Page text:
Discussion with Members of the Armed Services Committee

March 4, 2013

On March 4, 2013, AGI, in conjunction with the Konrad Adenauer Stiftung, hosted a discussion with Members of the German Bundestag’s Armed Forces Committee. The topics covered included the current state of European security; Germany’s relationship to NATO; and Germany’s role in Mali, Syria, Afghanistan, and Asia.

As the discussion evolved, two different perspectives emerged.  The first perspective supported the idea of maintaining and enhancing Germany’s commitment to NATO missions and European security. Germany’s largest current troop commitment of 4,800 is in Afghanistan as part of the NATO mission, a very unpopular conflict among the German population. As the mission prepares to wind down, Germany must begin developing proposals for its allies that outline its role in the region post 2014. The government has committed to supporting training missions and has promised to continue funding civil aid. Outside of Afghanistan, Germany has shown solidarity with NATO and regional security through its mandates that support the French-led mission in Mali and by stationing German troops in Turkey near the Syrian border. The rest of Europe, like Germany, should enhance its commitment to NATO by pooling and sharing common capacities.

The second perspective purported reducing Germany’s global military engagements. Germany’s security role should be limited to “blue helmet” UN peacekeeping missions. It should totally withdraw from Afghanistan and should not consider any engagement in Syria—or any other combat missions. Furthermore, Germany has no role in Mali. As a former French colony, Mali’s stability is France’s responsibility. However, this perspective does not negate the need to better integrate EU and NATO security goals, as integration would increase the efficiency of military endeavors.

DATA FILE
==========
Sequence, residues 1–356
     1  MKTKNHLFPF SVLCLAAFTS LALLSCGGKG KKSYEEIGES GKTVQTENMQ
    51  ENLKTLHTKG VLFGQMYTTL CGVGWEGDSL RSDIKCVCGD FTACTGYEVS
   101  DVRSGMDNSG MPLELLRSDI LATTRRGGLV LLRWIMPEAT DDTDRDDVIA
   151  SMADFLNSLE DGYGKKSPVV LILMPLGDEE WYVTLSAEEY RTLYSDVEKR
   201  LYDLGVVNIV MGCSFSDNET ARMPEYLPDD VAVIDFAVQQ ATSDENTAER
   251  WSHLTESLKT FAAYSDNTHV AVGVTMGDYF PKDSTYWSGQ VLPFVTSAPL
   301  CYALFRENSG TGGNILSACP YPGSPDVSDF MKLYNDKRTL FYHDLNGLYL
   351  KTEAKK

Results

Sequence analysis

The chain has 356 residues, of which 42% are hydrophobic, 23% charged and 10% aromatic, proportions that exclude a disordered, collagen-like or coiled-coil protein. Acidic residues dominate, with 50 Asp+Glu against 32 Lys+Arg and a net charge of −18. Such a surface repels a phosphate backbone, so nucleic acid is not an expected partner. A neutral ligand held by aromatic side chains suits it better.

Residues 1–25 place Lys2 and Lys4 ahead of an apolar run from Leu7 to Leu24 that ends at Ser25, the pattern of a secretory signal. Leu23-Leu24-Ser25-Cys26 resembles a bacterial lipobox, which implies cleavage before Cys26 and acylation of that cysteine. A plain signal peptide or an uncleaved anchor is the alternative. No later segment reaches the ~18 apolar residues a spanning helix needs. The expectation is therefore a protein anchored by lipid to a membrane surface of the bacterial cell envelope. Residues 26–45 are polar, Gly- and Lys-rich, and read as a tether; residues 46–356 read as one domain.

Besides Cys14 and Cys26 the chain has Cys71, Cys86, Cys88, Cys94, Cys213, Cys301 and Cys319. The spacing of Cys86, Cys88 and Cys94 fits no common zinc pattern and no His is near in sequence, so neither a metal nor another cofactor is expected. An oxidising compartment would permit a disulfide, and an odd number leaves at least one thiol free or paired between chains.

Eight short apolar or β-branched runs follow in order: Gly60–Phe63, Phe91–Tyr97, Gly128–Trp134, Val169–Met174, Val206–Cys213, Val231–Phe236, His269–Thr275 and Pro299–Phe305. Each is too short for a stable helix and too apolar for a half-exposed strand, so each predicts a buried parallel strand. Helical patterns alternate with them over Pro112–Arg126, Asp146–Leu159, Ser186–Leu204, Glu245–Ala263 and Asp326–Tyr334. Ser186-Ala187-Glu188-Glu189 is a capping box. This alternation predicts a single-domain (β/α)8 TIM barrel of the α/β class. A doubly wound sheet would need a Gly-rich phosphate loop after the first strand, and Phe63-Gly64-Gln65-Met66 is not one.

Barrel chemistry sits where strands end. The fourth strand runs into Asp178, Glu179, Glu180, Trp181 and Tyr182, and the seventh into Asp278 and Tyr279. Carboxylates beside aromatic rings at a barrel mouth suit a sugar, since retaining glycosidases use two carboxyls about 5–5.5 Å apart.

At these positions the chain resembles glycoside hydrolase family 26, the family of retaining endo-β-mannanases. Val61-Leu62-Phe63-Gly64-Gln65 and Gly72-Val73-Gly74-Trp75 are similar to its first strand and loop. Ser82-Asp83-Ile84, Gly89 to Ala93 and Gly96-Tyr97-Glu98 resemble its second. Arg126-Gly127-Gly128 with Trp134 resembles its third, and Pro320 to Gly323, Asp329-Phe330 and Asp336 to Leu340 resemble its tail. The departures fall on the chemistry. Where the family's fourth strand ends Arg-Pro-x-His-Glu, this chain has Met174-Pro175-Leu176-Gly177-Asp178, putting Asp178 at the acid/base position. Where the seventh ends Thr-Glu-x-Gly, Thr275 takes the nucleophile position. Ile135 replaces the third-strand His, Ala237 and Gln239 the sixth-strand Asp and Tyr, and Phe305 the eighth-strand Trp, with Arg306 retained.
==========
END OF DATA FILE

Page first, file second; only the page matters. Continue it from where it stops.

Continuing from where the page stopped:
Though the perspectives disagree on the scope and role of the Bundeswehr, they agree that strategic efforts should focus more on building up local capacity, rather than intervention. This segued into a discussion of Germany’s role in Asia—or lack thereof. As the U.S. leads the “Asian pivot” away from Europe, Germany will not feel pressure or desire to militarily support its allies. Due to Germany’s cordial economic relationship with China, the government will resist any military action that may irritate Sino-German relations. Germany’s military priorities lie geographically closer to Europe in areas such as the Balkan and MENA (Middle East/North Africa) regions. Unlike the U.S., Germany is not a global military power and should therefore not flex its military muscle in the same capacity.

Germany has generally expanded its military capacity over the last twenty years and continues to support global operations within its constrained budget.  Despite this progress, Germany’s military security remains a balancing act between remaining uninvolved and supporting its allies. An exit strategy, therefore, is an important component for determining Germany’s security-related responsibilities. Though its role remains limited, the German military is dedicated to NATO, European security, and the transatlantic relationship.


Kimberly Frank